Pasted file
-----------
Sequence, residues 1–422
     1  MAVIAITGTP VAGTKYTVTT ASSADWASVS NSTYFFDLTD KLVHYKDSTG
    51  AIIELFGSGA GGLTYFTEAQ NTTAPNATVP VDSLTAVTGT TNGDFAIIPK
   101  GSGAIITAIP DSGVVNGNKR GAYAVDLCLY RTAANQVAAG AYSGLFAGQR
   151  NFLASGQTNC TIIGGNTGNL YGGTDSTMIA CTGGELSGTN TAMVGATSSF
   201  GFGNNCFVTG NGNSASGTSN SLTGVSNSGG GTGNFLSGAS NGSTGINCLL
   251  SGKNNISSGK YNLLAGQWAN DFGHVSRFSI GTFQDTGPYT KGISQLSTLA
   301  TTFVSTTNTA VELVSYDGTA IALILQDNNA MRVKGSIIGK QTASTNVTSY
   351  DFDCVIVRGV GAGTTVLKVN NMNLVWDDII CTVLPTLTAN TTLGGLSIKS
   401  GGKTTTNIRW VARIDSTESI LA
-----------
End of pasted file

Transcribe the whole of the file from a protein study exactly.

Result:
Sequence, residues 1–422
     1  MAVIAITGTP VAGTKYTVTT ASSADWASVS NSTYFFDLTD KLVHYKDSTG
    51  AIIELFGSGA GGLTYFTEAQ NTTAPNATVP VDSLTAVTGT TNGDFAIIPK
   101  GSGAIITAIP DSGVVNGNKR GAYAVDLCLY RTAANQVAAG AYSGLFAGQR
   151  NFLASGQTNC TIIGGNTGNL YGGTDSTMIA CTGGELSGTN TAMVGATSSF
   201  GFGNNCFVTG NGNSASGTSN SLTGVSNSGG GTGNFLSGAS NGSTGINCLL
   251  SGKNNISSGK YNLLAGQWAN DFGHVSRFSI GTFQDTGPYT KGISQLSTLA
   301  TTFVSTTNTA VELVSYDGTA IALILQDNNA MRVKGSIIGK QTASTNVTSY
   351  DFDCVIVRGV GAGTTVLKVN NMNLVWDDII CTVLPTLTAN TTLGGLSIKS
   401  GGKTTTNIRW VARIDSTESI LA